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Low ‘good’ cholesterol linked to dementia

1st July 2008

People with low levels of a form of ‘good’ cholesterol in middle age may have a higher risk of memory loss and dementia in later life.

Scientists found that people with less high-density lipoproteins (HDL) performed worse in tests assessing memory.

The team from the French National Institute for Health and Medical Research argue that their findings suggest physicians and patients should be encouraged to monitor levels of HDL cholesterol.

The research is published in the journal Arteriosclerosis, Thrombosis and Vascular Biology.

At age 55, participants with low HDL cholesterol showed a 27 per cent increased risk of memory loss when compared to those with high HDL.

Five years later, participants with low HDL had a 53 per cent increased risk of memory loss compared to the high HDL group.

The researchers say the mechanism linking HDL cholesterol to dementia is unclear but suggest that HDL cholesterol prevents formation of beta-amyloid.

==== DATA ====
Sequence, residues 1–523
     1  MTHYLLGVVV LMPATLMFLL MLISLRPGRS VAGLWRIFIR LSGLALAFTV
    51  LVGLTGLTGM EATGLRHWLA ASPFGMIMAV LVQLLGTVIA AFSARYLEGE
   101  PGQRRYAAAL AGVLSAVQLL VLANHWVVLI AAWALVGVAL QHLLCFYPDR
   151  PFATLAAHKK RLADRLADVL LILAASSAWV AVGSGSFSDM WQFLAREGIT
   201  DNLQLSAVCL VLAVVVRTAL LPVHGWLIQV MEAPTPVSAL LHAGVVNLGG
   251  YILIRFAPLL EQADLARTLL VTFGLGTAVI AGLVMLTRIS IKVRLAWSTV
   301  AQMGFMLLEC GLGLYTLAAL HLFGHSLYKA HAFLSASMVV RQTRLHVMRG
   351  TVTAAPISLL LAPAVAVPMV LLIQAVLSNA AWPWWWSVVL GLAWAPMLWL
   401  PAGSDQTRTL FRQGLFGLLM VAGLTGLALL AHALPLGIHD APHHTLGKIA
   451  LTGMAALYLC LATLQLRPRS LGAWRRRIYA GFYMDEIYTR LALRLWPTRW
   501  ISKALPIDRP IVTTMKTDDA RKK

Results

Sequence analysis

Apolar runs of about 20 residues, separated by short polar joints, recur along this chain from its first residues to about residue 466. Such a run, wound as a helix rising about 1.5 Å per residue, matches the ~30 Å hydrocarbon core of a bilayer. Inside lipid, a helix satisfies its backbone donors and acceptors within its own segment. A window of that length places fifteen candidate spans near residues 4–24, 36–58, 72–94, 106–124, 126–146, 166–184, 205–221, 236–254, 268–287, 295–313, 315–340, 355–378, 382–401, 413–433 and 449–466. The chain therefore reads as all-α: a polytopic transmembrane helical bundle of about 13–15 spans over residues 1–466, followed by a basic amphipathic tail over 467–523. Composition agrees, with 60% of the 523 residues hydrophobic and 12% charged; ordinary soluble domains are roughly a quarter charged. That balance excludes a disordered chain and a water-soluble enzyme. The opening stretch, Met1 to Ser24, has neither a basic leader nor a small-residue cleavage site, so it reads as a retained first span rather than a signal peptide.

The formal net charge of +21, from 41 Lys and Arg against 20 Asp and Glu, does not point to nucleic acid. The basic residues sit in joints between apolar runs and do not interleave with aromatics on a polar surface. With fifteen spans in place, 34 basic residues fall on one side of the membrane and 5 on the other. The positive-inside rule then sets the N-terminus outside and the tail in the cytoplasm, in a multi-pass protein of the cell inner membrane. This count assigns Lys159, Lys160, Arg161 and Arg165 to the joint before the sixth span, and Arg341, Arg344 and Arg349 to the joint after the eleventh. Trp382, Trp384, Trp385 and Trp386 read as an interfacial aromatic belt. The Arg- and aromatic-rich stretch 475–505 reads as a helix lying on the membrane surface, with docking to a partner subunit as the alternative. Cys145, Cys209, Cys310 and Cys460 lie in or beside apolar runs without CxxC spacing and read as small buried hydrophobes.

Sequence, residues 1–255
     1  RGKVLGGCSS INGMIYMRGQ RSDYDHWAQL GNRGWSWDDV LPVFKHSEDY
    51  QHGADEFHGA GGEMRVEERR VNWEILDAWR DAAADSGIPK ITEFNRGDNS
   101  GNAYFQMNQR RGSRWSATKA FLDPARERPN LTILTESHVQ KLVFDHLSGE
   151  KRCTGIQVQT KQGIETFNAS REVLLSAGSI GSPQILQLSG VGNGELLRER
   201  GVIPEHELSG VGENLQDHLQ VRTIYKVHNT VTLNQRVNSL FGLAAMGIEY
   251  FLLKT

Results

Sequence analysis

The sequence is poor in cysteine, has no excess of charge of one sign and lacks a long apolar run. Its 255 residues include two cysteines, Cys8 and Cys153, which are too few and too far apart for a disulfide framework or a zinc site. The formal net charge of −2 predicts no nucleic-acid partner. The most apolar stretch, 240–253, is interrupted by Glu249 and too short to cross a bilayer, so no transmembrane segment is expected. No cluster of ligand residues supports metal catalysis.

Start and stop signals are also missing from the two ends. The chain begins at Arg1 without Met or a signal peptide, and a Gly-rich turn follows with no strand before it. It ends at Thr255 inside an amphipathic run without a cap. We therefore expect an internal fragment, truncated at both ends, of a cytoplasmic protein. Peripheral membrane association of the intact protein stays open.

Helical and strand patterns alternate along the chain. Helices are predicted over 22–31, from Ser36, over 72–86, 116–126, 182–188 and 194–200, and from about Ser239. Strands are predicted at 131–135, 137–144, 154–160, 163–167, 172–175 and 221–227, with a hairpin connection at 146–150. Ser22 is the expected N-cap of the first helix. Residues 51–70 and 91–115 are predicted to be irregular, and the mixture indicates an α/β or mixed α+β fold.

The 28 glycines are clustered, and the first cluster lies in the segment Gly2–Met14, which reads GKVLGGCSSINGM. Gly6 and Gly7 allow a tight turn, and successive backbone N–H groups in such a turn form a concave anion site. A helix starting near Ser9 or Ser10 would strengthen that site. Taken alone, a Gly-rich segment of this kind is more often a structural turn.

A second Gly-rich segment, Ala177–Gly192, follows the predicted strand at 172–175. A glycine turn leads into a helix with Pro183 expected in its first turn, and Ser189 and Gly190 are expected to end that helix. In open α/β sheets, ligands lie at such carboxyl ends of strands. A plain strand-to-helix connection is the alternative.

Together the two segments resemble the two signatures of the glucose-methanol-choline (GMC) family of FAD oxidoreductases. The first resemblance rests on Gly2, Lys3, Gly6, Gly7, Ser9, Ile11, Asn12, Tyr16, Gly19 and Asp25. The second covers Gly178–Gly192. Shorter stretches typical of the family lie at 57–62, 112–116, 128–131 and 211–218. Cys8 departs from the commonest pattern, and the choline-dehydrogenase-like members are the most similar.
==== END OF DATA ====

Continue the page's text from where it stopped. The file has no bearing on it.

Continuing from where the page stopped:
“HDL could also affect memory through its influence on atherosclerotic disease and stroke, or vascular injury,” said lead author Dr Archana Singh-Manoux.

“Finally, HDL cholesterol may influence memory through its anti-inflammatory and antioxidant effects.”

Commenting on the study, Dr Susanne Sorensen, head of research at the Alzheimer’s Society, said: “One of the functions of HDL is to transport cholesterol from the arteries back to the liver to be degraded, so it is clearly important to have enough of this transporter available.”

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